Greg Taylor and Chris Mumma


Johnston County Guard Tower

Greg Taylor


Defense Team

Johnston County Prison





Greg Taylor spent 6,149 days in North Carolina prisons for a murder he did not commit. Gregís story is one of excess, wrong turns, bad luck and a loving supportive family that never stopped believing in him. Itís also the story of the courageous people who have worked tirelessly to reform North Carolinaís criminal justice system and madke it one of the most progressive in the country. What happened to Greg on the day he was arrested could have happened to anyone.

Free Greg Taylor - our feature-length documentary tells the story of Greg Taylor's exoneration through the North Carolina Innocence Inquiry Commission process.

We began documenting Greg's story in January, 2010 - one month before Greg gained his freedom. Since then, we have conducted over 45 interviews with Greg's attorneys, his family, friends and others, and recorded over 30 hours of hearings.

We expected to have the documentary completed in the summer of 2016.

Our most recent addition to Greg's story is a video we call "Greg Taylor - Ghost" The footage comes primarily from three interviews we did with Greg January, 2010 at Johnston County Correctional Institution - the last, just 23 days before he was freed. In the interviews he reflects on his years in prison: from the astonishment he and his family felt at his conviction to missing his daughter's wedding. Here's the trailer.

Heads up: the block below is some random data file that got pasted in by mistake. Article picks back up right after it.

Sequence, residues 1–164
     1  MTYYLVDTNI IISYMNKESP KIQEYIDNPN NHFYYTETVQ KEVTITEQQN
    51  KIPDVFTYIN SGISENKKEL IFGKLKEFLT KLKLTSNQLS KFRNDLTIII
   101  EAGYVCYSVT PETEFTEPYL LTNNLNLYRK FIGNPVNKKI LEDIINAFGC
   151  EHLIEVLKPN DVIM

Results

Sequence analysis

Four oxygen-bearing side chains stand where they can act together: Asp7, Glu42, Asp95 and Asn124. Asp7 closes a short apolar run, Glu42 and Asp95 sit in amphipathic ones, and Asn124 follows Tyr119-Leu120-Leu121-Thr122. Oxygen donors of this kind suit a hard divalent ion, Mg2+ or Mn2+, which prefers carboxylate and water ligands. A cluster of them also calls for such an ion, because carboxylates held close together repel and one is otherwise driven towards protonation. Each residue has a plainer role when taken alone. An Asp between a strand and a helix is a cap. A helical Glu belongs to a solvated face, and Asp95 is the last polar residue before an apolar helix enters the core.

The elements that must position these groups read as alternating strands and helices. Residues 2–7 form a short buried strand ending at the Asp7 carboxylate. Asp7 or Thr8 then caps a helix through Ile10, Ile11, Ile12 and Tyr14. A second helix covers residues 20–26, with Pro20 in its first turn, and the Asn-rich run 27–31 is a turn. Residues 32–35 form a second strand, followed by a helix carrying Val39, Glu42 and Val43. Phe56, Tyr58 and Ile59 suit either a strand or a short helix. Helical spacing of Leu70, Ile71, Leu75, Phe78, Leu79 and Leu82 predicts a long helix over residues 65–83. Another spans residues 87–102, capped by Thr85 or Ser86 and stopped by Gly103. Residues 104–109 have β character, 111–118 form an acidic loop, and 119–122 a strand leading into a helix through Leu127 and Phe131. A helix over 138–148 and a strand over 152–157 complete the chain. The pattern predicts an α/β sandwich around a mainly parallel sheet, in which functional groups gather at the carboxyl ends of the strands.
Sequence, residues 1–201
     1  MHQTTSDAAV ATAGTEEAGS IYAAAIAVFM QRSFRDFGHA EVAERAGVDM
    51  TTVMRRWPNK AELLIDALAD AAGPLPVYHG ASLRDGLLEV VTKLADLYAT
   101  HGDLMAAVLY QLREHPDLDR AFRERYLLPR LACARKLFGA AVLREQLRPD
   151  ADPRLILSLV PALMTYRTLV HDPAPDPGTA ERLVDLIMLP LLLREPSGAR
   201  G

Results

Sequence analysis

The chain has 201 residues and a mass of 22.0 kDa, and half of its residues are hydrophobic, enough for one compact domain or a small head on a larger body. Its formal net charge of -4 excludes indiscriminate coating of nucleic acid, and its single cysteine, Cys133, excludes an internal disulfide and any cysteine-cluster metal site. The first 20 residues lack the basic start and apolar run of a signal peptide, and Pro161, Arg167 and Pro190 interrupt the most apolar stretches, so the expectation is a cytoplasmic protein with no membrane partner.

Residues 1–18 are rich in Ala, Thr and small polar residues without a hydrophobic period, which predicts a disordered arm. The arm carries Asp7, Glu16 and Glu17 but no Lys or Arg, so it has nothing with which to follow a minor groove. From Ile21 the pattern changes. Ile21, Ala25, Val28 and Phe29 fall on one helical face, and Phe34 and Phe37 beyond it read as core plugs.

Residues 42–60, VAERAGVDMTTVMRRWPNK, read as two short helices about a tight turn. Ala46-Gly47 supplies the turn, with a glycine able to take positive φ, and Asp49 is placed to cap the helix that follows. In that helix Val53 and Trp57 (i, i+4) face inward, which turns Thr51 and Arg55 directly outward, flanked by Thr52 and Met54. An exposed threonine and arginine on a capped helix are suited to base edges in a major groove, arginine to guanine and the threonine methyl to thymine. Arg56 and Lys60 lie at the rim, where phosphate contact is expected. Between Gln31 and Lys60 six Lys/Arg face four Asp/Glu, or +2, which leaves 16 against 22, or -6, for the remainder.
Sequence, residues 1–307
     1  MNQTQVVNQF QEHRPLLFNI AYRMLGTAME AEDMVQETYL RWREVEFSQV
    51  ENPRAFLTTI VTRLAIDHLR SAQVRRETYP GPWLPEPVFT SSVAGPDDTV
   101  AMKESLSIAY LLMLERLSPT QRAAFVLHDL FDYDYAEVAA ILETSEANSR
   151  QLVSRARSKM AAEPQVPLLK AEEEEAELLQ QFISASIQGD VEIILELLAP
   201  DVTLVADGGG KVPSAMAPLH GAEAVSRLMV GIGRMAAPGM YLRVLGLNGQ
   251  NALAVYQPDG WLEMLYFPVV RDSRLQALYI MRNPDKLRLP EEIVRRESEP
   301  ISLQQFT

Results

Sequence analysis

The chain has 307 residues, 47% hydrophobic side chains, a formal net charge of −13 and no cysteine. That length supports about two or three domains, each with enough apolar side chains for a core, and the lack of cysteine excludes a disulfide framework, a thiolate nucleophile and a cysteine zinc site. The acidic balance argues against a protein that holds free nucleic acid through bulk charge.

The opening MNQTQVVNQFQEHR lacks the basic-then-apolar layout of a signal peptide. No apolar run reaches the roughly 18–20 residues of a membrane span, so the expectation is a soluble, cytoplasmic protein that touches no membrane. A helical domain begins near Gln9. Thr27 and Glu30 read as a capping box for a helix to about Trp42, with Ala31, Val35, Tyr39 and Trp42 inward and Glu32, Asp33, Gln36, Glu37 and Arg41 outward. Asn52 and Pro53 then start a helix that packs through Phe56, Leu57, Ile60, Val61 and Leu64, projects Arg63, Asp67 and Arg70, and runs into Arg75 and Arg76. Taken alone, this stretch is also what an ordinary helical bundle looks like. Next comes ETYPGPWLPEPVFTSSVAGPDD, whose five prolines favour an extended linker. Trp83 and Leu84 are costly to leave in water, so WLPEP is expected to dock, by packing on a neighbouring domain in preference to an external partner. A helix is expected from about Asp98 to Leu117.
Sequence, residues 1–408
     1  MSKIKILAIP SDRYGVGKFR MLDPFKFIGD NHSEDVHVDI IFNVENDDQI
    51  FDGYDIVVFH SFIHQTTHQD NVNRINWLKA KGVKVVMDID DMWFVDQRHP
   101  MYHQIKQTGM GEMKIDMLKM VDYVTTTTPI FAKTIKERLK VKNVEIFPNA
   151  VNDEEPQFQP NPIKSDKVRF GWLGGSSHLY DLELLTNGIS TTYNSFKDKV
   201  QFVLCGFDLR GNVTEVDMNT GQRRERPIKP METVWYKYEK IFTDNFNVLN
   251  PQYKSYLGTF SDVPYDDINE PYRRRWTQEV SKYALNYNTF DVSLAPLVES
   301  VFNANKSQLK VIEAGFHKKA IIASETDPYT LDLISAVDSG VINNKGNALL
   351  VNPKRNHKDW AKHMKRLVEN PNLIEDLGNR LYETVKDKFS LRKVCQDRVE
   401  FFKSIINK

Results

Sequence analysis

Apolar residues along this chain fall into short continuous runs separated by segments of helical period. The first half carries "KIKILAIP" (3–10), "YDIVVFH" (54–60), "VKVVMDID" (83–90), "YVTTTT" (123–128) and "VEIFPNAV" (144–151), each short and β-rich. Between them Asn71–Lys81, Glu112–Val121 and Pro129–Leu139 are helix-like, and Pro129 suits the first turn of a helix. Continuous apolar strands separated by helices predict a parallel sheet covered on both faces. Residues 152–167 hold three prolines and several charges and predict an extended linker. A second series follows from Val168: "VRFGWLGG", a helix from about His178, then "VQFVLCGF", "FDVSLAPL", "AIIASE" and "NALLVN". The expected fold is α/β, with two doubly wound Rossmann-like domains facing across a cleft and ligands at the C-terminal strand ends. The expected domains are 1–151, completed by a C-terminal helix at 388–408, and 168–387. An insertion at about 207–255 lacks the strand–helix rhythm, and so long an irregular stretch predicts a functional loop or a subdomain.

This clip "Passion" is part of an interview with Christine Mumma, Greg's attorney. She is also the Executive Director of the North Carolina Center on Actual Innocence. Chris is a compelling spokesperson for criminal justice reform in North Carolina and across the country.


Greg and his attorneys proved his innocence during a hearing before a three-judge panel that was concluded on February 17, 2010. One of the key revelations during the hearing was that the North Carolina State Bureau of Investigation had a policy that, at best, misled how blood evidence was reported. In Greg's case the SBI report said that blood found on the fender of his truck gave "chemical indications" for the presence of blood. This implied that the blood was from Jacquetta Thomas, the victim in the case. The reality was that while the first tests did indicate the presence of blood, subsequent tests PROVED that it was not human blood.

The Raleigh News and Observer has done an excellent series of reports on the SBI scandal called "Agent's Secrets." The impact of this investigation is only beginning to be felt across the state.


It takes a lot of people to tell a story that takes place over twenty years.

To see the people who have helped us to date, click the link below.


We would love to add your name to our credits!

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